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Suspected suicide of 9 members of family in Maharashtra brings back horrors of Delhis Burari deaths

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The suspected suicide of nine members of a family in Maharashtras Sangli on Monday brought back the horrors of Delhis Burari mass suicide involving 11 members of the Chundwat family that also became a subject of a Netflix docuseries.

A forensic expert, who had visited the spot in Burari, recalled that it was horrifying to see so many bodies hanging together with their hands and legs tied. The docuseries titled House of Secrets: The Burari Deaths, aimed at piecing together various developments in the case, was released last year on Netflix. Nine members of a family of two brothers were found dead in Sangli, police said and maintained that they suspect it to be a case of suicide pact, while preliminary probe suggests the duo had heavily borrowed money from various people.

The bodies were found in two different houses of the brothers, located 1.5 km apart, in Mhaisal village in the western Maharashtra district, over 350km from the state capital Mumbai. On July 1, 2018, everyone woke up to the horrific case in which bodies of 11 members of a family were found hanging with their eyes blindfolded, hands and legs tied, inside their house in Burari. Initially, the police registered a murder case but subsequent investigations and recovery of registers that detailed a set of rituals to be followed, gave the case a new dimension.

The police had to delve into occult, psychology, superstition and latest investigative techniques to crack one of the most sensational cases in the capital.

At the centre of all this was a family that the neighbours remembered as “sweet, helpful and religious”, one that was looking forward to the marriage of one of the daughters, and had even started preparations for the big day.

With their faces covered in pieces of white cloth and mouths taped and hands and legs tied, the video showing 10 members hanging, was anything but gory. The family matriarch, Narayan Devi, was found lying in another room with ligature marks on her neck.

Recalling the case, a forensic expert at the Forensic Science Laboratory in Rohini here said he was initially left horrified after seeing the bodies.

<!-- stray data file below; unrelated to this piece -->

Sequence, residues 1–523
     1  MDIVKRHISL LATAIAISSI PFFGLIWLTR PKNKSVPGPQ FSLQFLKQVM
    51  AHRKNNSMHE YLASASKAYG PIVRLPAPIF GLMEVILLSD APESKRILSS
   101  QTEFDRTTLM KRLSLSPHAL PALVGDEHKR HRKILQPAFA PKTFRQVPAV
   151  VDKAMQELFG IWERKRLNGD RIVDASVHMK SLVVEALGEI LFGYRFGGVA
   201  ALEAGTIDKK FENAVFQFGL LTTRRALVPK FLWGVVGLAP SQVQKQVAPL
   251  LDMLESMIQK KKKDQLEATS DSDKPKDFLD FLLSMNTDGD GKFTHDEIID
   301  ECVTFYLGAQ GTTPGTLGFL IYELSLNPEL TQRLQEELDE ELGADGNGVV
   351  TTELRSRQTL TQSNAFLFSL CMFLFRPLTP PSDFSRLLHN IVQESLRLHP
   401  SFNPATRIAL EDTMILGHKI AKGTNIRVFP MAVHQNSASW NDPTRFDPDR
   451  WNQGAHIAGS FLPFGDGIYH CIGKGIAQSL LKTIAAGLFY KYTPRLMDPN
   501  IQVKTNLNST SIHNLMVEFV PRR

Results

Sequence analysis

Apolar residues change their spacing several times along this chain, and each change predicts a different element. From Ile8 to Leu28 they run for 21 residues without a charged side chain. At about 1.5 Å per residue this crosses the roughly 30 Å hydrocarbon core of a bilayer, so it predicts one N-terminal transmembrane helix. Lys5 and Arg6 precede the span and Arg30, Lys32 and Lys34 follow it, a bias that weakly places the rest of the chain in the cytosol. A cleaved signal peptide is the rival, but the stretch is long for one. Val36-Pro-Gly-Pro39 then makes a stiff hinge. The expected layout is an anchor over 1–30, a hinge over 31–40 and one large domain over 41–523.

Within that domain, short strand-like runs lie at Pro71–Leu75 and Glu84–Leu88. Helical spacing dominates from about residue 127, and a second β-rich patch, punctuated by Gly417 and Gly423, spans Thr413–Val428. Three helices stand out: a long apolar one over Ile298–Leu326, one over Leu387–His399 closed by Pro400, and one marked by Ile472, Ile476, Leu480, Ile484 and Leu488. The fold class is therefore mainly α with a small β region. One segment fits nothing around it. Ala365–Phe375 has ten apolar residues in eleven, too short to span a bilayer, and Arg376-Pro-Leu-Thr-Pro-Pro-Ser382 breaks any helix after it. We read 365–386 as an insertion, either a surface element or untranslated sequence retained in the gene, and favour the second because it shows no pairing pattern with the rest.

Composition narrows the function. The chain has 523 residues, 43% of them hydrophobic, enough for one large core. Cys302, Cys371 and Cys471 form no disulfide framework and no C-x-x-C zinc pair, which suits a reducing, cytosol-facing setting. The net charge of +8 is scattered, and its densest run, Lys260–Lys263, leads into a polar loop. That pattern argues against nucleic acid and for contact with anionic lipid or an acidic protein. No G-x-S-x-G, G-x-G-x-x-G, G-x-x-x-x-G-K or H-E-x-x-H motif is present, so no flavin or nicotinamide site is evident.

“We are accustomed to seeing bodies but this was different. Ten members of the family were found hanging while the body of the eldest member of the family was found in another room. One of the blindfolds of one of the women who was hanging had come off slightly,” he recalled.

The expert said forensics had played a vital role in the case, while recalling that their team had found registers and mobile phones of the family members stowed away together in the temple. Some registers were also found in some drawers. “We carried out handwriting analysis by matching the notings on the register with the handwriting of the deceased members. Usually, we use bank documents for verifying the handwritings,” he said. Photographs and videos were difficult to take as the 10 bodies were hanging quite close and those who were involved in gathering video evidences were bumping into the bodies while recording them, he recalled.

The people found dead in the house were Chundawats 77-year-old mother Narayan Devi, her sons Bhavnesh Bhatia (50) and Lalit Bhatia (45), their wives Savita (48) and Tina (42) respectively, a daughter Pratibha (57) and five grandchildren, Priyanka (33), Neetu (25), Monu (23), and Dhruv and Shivam (both 15).

The registers had notes mentioning salvation, badh tapasya and shunya and had details about the rituals to be followed.

“There were notes on badh tapasya, in which people get into a banyan tree-formation whose branches hang around. The notes stated that doing this would make God happy,” according to an official.

Following the post-portem, which ruled out any foul play, the police employed psychological autosy to unravel the mystery behind the deaths. According to the psychological autopsy report of the deceased, the family members did not wish to commit suicide but the deaths happened due to an “accident that occurred during a ritual”. The police, in their investigation, had said Lalit and his family believed he had visitations from his father, who had passed away in 2007, and that the ritual was being carried out at the late fathers behest.

Subsequently, the police filed a closure report in the case last year.

(Except for the headline, this story has not been edited by The Federal staff and is auto-published from a syndicated feed.)

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